After spending five days at sea, an exhausted and weakened fisherman staggered home just in time for his own funeral.

"When I saw that (my family) was mourning for me, I started to cry," Jose Reyes said in an interview with Caracol radio Friday.

The 68-year-old Reyes' ordeal began on Jan. 19 as he was returning home after a day fishing in the Pacific Ocean off the beaches of Nuqui, an isolated jungle region in northwestern Colombia.

In a thick fog, paddling in his canoe against rough waves, Reyes became lost. The ocean's current carried him farther from the beach. He said he spent five days struggling to survive under a burning sun, without food or fresh water.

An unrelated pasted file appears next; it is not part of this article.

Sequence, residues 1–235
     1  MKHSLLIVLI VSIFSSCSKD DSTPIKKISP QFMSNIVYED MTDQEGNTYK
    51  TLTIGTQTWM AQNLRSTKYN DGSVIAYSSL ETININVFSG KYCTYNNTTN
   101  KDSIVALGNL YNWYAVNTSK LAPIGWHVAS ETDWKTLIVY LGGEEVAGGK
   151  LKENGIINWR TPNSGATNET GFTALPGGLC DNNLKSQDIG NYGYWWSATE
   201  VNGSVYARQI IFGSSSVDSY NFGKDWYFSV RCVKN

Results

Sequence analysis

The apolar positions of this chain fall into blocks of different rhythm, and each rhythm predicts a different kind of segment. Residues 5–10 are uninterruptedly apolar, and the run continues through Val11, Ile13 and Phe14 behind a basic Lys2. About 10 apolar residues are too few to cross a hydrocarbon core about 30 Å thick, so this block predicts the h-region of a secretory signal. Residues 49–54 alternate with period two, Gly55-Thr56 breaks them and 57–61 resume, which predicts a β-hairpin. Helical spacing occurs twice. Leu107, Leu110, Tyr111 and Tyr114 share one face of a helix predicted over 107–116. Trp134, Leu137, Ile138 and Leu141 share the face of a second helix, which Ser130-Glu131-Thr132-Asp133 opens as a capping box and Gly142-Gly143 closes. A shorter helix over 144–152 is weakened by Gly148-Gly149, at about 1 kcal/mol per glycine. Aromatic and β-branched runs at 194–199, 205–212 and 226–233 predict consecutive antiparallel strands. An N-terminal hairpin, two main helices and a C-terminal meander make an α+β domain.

As the days passed, his family gave him up for dead and began preparations for his funeral.

"I didn't sleep, waiting for any boat, when finally I saw a small light and I rowed until I reached a fishing boat," said the fisherman.

Returning home the night of Jan. 23, he arrived to see his family weeping over an empty coffin.

With unpredictable seas and many boats lacking motors, such accidents and drownings are common in Colombia.

Colombian Nobel Prize winner Gabriel Garcia Marquez wrote a novella based on the case of a sailor who was adrift at sea after his boat sunk.